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Mailed ballots encourage early voting

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SALT LAKE CITY — Ballots make voting quick and easy, and Salt Lake County will begin mailing them out to registered voters starting Monday.

Salt Lake County is also testing their ballot counting machines to make sure they are ready for the big day. Election day may not be until November 6th, but voters can start casting ballots by mail as soon as next week.

"I'm thinking about it just to weigh my options a little longer to see what's on the ballot and to see who is running and kind of research what's going on with that," said Jeni West, a Salt Lake City voter.

The ballots also allow individuals to vote that won't be in the U.S. during the election.

"If we didn't have it, then I wouldn't be able to vote this year because I'm going to be in England," said Adam Pratt from South Jordan.

And the numbers demonstrate the effectiveness of mailed-in ballots. In Salt Lake County alone, more than 100,000 voters, almost a quarter of the projected 2012 total, will vote by mail. That's double the number from 2008, and could lead to record turnout.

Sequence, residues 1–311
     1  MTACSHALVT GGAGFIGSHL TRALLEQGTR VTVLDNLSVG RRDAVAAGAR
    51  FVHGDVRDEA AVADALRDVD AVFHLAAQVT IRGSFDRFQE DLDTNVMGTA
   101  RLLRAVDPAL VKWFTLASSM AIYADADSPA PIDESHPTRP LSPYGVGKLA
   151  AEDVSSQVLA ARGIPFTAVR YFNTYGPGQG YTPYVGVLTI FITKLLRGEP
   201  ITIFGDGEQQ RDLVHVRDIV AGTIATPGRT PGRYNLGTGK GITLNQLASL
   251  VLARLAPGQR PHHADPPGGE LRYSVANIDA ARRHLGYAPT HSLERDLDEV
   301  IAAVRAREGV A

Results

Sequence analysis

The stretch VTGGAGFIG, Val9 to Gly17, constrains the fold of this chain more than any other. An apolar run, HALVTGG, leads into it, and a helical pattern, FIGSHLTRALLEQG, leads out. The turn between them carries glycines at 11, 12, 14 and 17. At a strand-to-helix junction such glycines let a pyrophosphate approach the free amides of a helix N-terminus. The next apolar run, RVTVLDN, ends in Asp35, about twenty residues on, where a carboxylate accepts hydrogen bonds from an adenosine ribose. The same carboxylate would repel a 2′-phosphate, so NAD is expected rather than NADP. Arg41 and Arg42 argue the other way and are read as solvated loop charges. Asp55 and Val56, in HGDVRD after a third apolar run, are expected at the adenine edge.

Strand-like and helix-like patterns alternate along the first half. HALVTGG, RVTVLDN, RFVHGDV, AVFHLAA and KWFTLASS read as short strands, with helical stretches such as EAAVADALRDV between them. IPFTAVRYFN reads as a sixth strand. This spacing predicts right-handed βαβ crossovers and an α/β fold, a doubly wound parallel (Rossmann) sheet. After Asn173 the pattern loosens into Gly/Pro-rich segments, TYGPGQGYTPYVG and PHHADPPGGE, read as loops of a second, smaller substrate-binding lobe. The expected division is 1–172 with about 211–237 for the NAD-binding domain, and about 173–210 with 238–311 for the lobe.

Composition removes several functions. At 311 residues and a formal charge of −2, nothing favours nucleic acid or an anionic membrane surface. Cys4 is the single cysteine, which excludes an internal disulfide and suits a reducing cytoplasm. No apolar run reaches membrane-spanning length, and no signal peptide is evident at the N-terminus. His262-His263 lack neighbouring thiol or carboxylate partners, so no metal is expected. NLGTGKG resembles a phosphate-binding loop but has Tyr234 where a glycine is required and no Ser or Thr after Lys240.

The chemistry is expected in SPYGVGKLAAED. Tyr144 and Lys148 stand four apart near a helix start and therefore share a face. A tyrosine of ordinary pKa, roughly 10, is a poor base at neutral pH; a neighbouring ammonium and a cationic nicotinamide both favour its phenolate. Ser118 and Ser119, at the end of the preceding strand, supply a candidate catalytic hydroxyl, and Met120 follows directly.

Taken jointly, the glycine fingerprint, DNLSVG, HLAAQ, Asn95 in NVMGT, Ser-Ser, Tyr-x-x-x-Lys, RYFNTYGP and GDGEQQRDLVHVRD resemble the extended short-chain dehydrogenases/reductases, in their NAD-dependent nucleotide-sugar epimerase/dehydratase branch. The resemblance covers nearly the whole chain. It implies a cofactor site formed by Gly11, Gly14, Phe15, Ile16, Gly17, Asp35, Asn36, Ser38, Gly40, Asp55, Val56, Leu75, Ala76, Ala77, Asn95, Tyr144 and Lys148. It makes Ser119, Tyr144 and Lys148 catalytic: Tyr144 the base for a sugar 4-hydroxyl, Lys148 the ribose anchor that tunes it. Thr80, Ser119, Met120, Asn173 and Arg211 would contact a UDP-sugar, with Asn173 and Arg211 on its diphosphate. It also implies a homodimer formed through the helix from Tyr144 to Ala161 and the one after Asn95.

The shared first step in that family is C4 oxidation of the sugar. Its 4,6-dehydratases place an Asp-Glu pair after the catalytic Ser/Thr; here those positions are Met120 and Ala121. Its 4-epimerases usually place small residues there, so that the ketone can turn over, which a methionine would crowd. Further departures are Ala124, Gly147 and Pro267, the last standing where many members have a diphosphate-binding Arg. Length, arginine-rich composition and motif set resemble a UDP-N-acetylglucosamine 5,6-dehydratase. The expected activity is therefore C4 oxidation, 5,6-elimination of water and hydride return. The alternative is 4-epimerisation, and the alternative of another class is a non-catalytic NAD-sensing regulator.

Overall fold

"I'm expecting that we could exceed any record I've seen in my 21 years," said Salt Lake County Clerk, Sherrie Swensen.

Mitt Romney's presence on the ballot may be driving up the voting numbers for Utahns by both mail and registration this year.

"We're seeing a lot of people register, yes," Swensen said.

Voting by mail also is cheaper for governments to administer. And for much of the voting public, it makes things easier when there's no rush.

Early voting, whether by mail or in person, accounted for about 40 percent of the ballots cast in Utah in 2008, the last presidential election year. That's expected to rise to about half this year.

So, election day has now become election month.


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John Daley


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